Blood is composed of cells and plasma (or serum), a liquid that is normally pale yellow in colour and transparent. Devices that analyze serum specimens (biochemistry tests) monitor three aspect of the serum: lipemia, icterus index and hemolysis index.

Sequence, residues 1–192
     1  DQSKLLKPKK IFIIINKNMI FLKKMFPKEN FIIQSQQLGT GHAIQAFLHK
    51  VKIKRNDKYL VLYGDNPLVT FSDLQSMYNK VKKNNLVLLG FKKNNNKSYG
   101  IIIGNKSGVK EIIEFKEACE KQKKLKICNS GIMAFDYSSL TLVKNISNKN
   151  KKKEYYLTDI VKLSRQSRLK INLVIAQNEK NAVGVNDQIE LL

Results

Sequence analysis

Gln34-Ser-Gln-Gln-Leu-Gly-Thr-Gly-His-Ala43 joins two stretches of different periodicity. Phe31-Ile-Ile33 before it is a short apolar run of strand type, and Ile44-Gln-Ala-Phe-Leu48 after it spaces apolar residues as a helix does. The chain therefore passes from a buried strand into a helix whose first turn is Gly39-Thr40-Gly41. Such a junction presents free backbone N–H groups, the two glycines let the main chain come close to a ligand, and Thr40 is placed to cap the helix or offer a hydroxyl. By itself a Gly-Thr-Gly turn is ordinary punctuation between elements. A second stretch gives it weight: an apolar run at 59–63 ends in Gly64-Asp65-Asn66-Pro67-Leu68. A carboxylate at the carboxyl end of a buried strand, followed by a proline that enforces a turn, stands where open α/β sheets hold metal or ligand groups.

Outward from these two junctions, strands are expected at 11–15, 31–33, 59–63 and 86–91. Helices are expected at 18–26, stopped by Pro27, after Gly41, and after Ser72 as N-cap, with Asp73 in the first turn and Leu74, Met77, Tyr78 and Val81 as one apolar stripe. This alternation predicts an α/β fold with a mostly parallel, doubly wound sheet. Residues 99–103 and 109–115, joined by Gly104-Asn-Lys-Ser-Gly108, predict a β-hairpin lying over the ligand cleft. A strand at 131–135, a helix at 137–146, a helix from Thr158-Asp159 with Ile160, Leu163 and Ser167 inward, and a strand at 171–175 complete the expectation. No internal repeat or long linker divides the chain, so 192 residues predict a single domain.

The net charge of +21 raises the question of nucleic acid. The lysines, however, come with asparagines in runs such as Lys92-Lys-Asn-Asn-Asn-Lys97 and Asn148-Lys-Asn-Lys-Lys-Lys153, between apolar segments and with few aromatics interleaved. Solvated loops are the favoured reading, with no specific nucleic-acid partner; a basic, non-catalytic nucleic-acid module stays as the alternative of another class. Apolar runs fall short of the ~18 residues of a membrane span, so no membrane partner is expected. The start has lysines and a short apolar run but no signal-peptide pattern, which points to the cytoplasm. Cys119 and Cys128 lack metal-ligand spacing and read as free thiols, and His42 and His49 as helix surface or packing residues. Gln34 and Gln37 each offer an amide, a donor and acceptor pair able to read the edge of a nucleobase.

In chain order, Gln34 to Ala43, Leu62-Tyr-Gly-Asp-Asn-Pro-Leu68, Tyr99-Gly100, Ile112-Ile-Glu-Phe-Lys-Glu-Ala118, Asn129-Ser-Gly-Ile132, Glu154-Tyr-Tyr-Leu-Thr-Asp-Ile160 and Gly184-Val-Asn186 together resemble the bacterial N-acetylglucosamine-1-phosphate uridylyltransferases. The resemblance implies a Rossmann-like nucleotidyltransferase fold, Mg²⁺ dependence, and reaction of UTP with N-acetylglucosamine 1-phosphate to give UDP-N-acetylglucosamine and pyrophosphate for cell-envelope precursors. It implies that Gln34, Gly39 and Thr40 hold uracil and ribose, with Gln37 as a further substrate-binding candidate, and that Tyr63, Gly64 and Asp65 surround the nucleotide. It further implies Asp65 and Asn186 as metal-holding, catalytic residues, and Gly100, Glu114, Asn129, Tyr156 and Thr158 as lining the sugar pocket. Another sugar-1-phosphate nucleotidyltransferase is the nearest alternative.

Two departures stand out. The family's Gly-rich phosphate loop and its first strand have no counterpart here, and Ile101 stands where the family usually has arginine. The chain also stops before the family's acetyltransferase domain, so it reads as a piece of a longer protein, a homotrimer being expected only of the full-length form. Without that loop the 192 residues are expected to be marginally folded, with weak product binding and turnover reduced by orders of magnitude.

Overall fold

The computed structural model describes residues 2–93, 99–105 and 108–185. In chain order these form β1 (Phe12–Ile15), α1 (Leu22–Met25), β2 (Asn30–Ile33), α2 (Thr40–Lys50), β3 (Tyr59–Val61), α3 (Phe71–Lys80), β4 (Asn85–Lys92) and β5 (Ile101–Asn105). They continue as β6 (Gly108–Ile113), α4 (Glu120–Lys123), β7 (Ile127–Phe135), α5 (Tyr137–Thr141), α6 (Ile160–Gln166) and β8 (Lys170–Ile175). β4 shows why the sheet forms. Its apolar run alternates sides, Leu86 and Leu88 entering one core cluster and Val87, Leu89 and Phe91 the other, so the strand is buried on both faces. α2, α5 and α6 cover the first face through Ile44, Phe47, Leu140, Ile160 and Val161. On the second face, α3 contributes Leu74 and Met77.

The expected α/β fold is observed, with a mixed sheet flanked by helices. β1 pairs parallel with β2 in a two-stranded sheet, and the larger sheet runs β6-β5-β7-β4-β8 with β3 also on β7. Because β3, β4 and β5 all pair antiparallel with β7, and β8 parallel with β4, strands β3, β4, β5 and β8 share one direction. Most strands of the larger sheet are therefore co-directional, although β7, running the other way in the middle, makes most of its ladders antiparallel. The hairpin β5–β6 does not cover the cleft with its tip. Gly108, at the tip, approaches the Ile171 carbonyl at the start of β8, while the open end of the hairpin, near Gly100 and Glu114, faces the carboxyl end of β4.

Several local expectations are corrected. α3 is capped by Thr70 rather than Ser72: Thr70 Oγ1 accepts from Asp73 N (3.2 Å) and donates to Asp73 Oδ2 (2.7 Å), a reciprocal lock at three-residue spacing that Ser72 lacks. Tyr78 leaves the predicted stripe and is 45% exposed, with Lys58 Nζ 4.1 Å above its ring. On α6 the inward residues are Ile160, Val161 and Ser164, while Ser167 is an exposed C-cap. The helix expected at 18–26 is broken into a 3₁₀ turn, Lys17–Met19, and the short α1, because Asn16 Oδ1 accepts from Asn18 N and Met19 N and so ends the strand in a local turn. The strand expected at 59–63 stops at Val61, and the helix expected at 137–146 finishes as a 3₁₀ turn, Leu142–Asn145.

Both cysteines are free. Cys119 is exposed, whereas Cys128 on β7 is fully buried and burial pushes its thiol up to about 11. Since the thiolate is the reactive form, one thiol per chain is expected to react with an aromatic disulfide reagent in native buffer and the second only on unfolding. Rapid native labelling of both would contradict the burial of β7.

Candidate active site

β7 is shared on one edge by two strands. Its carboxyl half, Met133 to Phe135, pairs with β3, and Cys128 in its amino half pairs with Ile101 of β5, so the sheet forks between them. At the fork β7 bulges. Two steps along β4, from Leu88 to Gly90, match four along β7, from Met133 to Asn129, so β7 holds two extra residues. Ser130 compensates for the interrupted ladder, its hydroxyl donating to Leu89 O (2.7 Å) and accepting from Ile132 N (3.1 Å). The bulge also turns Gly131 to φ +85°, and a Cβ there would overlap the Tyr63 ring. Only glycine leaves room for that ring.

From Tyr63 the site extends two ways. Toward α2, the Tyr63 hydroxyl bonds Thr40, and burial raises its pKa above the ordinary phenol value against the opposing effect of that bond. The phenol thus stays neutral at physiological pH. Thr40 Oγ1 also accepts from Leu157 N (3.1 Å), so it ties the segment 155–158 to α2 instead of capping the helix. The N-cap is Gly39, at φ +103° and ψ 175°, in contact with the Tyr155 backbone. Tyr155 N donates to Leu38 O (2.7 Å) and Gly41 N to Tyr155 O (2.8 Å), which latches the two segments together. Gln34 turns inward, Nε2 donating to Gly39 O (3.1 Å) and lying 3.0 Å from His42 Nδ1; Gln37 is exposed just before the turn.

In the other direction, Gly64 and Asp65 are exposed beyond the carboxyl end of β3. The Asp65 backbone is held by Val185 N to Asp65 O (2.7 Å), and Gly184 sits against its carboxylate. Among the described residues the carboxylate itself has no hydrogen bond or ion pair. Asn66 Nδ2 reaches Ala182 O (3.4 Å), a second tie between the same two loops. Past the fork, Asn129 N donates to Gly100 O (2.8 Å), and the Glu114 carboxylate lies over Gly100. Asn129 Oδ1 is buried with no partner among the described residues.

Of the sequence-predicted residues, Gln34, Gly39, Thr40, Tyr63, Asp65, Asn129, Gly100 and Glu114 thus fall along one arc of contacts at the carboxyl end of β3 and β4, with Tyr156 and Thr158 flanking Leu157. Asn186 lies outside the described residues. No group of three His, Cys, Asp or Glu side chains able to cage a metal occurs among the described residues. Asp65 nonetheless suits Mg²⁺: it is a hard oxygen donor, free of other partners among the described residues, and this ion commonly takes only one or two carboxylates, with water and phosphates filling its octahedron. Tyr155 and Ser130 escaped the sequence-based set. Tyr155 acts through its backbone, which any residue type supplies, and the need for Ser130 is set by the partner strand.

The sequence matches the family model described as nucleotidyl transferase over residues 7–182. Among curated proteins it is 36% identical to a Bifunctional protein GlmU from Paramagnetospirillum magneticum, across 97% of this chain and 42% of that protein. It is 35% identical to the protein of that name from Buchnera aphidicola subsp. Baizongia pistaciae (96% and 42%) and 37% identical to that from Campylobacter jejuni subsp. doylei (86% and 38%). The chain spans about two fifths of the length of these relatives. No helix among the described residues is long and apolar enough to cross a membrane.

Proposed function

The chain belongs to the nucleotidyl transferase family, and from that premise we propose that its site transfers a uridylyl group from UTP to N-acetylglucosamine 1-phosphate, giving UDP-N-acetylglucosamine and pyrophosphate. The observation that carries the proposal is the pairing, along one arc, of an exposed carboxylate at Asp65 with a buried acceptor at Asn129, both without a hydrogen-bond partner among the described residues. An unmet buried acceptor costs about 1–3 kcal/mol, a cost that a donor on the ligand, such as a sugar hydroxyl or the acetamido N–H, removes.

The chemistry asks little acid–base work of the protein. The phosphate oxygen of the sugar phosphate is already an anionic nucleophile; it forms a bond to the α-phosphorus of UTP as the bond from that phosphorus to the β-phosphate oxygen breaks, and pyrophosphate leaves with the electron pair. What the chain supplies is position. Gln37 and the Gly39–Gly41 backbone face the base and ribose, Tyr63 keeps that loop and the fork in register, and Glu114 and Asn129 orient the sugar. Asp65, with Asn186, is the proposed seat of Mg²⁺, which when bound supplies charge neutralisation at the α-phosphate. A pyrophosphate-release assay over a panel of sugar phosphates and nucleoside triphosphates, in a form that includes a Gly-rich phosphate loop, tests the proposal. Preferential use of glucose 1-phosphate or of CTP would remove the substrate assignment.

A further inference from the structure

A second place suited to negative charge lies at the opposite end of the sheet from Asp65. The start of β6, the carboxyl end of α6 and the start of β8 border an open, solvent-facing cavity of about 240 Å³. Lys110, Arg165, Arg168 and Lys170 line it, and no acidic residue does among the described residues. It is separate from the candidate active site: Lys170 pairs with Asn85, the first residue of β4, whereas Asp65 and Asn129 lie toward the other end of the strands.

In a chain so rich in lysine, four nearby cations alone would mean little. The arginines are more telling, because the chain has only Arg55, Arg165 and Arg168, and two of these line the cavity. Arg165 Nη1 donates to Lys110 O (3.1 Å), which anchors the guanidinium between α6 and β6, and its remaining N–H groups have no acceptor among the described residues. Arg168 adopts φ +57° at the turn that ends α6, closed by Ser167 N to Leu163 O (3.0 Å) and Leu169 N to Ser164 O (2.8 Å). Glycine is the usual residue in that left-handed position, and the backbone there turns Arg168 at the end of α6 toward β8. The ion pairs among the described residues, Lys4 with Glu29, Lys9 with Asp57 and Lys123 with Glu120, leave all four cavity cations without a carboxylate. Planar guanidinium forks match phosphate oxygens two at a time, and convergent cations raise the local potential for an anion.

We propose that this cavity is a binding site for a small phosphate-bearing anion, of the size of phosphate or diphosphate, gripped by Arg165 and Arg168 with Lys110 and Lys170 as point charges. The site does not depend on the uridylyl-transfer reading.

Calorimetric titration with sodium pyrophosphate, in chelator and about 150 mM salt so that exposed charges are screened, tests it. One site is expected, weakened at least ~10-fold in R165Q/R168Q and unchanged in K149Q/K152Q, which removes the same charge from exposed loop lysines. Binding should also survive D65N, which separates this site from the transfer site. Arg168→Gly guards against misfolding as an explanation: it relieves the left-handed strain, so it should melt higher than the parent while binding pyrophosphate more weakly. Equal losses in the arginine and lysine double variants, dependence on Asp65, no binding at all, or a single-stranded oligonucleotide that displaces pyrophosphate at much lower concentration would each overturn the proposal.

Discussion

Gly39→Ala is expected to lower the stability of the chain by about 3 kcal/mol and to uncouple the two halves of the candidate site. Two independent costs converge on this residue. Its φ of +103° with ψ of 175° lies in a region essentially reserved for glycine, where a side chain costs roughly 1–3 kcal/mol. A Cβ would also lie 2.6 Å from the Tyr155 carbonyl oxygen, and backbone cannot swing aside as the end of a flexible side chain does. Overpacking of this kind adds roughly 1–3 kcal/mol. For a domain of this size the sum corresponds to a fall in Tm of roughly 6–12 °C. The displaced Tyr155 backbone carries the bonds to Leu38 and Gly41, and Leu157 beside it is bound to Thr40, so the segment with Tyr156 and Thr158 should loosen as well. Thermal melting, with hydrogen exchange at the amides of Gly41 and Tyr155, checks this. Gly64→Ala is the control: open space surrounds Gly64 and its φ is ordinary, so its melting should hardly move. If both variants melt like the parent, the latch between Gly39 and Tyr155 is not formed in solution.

Lipemia is a measure of serum transparency. High levels of blood lipids, mostly triglycerides, increase serum turbidity. The lipemia result is expressed in “number of plus signs,” ranging from negative to four pluses (++++). Too high of a concentration of triglycerides in the serum (++++) can interfere with some laboratory tests, particularly the measurement of sodium levels. Some individuals have particularly high triglyceride levels after meals, and in some cases the triglycerides will remain present for more than 24 hours. To better understand what these results mean, see your triglyceride result.